Monday, February 29, 2016

Welcome early voters!

"Regular" early voting starts today and continues pretty near constantly until the polls open on Primary Election Day itself. If you're not certain about hours or locations of early voting sites, consult your nearest telephone: It'll ring, any second now, with yet another robocall. Alternatively, if you live in the City of Chicago, consult this page of the Chicago Board of Elections website. If you live in one of those places that the first Mayor Daley charmingly, if condescendingly, referred to as the 'county towns,' i.e., a Cook County suburb, click on this page of Cook County Clerk David Orr's website (the Clerk's office also has an explanation of early voting procedure, and rules and regulations, here).

Hopefully, if the search engine spirits have been kind to you, you've arrived in this little corner of the Blogosphere specifically because you are interested in making intelligent decisions about Cook County judicial candidates. My Organizing the Data posts are not done yet; they are apparently becoming a relic of those carefree, bygone days when people actually had to wait until Election Day to vote. Isn't that the bee's knees? 23 skidoo.

I'll have the Organizing the Data posts done as soon as I can -- but, since you may be impatient, and ready to exercise your franchise immediately, I can offer these resources:

If you're planning to take a Republican ballot, unless you live in the far northern or northwestern reaches of the County Cook, you have no worries about making intelligent judicial choices. You have no choices to make at all. You have no candidates. No Republican filed in any countywide judicial race, neither the two Appellate Court races, nor the 11 countywide Circuit Court races. If you live in any judicial subcircuit (it's one of the many numbers on your voter registration card) except the 12th or 13th, there are no Republicans running there either (there are no vacancies at all in Subcircuits 3, 8, and 15; voters there have a say in countywide races only, and only in the Democratic primary). If you live in the 12th or 13th Subcircuit, and plan on taking a Republican ballot, skip ahead two paragraphs.

For Democratic primary voters, the Chicago Bar Association, the Chicago Council of Lawyers, and the Illinois State Bar Association have all provided explanations of the ratings these respective associations have given to each candidate (those are links to FWIW posts, but the CBA and CCL source materials can be accessed from those those respective posts). Several races are uncontested, including both Appellate Court vacancies.

If you live in Subcircuit 1, 2, 4, 5, 6 or 7, the Chicago Bar Association, Chicago Council of Lawyers, and Illinois State Bar Association explanations of these groups' ratings of candidates seeking these vacancies can be found by clicking on the links embedded in this sentence.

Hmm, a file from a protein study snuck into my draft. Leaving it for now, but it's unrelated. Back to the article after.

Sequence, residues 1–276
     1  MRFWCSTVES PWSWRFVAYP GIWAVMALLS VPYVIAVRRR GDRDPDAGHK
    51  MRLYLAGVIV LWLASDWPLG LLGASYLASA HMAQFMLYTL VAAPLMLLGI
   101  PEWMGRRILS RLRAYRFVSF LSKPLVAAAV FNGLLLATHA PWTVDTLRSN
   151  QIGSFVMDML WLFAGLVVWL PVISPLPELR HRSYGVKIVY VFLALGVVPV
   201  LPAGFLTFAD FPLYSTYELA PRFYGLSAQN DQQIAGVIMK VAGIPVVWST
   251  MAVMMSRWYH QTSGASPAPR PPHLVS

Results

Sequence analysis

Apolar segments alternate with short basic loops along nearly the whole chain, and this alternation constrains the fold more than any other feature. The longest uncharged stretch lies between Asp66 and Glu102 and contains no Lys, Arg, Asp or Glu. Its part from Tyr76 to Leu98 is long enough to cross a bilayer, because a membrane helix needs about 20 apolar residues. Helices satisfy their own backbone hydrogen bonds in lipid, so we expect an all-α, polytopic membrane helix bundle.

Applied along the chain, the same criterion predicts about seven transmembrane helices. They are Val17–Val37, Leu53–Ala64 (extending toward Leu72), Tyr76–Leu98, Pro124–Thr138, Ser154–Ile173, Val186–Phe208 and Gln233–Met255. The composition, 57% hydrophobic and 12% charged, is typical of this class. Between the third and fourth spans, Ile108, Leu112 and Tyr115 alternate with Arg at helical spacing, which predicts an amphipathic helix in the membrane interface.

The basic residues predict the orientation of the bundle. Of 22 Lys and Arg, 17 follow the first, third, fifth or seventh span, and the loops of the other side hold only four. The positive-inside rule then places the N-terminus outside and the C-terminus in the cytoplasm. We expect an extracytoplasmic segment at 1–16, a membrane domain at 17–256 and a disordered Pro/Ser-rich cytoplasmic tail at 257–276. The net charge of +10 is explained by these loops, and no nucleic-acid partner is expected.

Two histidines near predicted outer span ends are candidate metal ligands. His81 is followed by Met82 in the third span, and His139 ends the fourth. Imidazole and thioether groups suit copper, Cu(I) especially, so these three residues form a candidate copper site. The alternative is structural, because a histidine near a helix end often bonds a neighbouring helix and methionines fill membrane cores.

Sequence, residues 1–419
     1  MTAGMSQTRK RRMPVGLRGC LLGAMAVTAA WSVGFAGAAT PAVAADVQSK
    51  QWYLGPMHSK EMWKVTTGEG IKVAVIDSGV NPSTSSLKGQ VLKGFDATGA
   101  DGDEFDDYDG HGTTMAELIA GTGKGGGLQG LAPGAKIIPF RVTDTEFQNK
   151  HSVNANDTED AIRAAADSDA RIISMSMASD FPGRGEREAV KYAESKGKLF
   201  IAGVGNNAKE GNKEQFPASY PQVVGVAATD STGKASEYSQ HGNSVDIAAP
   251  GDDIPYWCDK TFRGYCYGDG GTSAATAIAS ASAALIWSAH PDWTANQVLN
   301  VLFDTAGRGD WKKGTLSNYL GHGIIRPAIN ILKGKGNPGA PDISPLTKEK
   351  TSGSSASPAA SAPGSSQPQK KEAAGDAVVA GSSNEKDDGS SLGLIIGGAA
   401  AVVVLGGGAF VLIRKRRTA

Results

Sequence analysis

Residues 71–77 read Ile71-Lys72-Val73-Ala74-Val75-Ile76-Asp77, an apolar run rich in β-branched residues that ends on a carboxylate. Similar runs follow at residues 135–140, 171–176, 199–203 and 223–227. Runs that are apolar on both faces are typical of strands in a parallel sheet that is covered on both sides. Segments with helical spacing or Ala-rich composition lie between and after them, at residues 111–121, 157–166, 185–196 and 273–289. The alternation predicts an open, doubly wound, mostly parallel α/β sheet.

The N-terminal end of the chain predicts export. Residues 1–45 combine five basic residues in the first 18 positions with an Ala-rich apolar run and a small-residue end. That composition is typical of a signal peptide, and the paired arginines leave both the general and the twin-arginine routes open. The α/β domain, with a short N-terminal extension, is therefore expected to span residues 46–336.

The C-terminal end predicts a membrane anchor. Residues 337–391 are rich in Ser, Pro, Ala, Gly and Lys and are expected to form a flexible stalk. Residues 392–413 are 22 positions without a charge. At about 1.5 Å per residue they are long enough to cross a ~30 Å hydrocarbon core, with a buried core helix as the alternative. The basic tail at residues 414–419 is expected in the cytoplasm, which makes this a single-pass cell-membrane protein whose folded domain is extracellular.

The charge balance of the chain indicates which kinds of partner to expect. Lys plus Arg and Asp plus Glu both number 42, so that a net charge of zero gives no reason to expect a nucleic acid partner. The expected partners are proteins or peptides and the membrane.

Voters living in Subcircuit 9, 10, 11, 12, 13, or 14 can likewise access explanations offered by the Chicago Bar Association, the Chicago Council of Lawyers, and the Illinois State Bar Association regarding candidates seeking these vacancies by clicking the links embedded in this sentence. These links identify the Republicans running in the 12th and 13th Subcircuits, as well as the Democrats which is why, Republican voters, I told you to skip ahead here.

New or infrequent judicial voters are often surprised to learn that there are 12 bar associations that screen and evaluate the credentials of candidates seeking judicial office. We've only covered three so far. The other nine, all members (along with the Chicago Council of Lawyers and the Illinois State Bar Association) of the Alliance of Bar Associations for Judicial Screening, publish 'grids' explaining their respective ratings for each and every judicial candidate. You can access the countywide Alliance grids here, the Alliance grids for candidates in Subcircuits 1-7 here, and the Alliance grids for candidates in Subcircuits 9-14 here.

Bar ratings or evaluations are not endorsements. This is why, as you will notice, the bar associations may have favorable or unfavorable ratings about every candidate in a race. And you will also notice that, sometimes, bar associations may disagree over whether a particular candidate is or is not qualified or recommended.

If, after reviewing the explanations and the grids, you're still not certain how to choose between two candidates who seem equally qualified to you, feel free to consult the blog Sidebar: The candidates with websites (at least those I've been able to find or who have told me about their websites) are all listed there in alphabetical order. You may have a better feel about who is worthy of your vote after such a visit. The candidates hope so, anyway; that's why they spend the money for websites.

I'll pull all this information together, along with the various endorsements that each candidate garners (each endorsement that I can independently verify, that is) in the Organizing the Data posts. But, for now, if you feel you must vote today, I hope you may find this information helpful.

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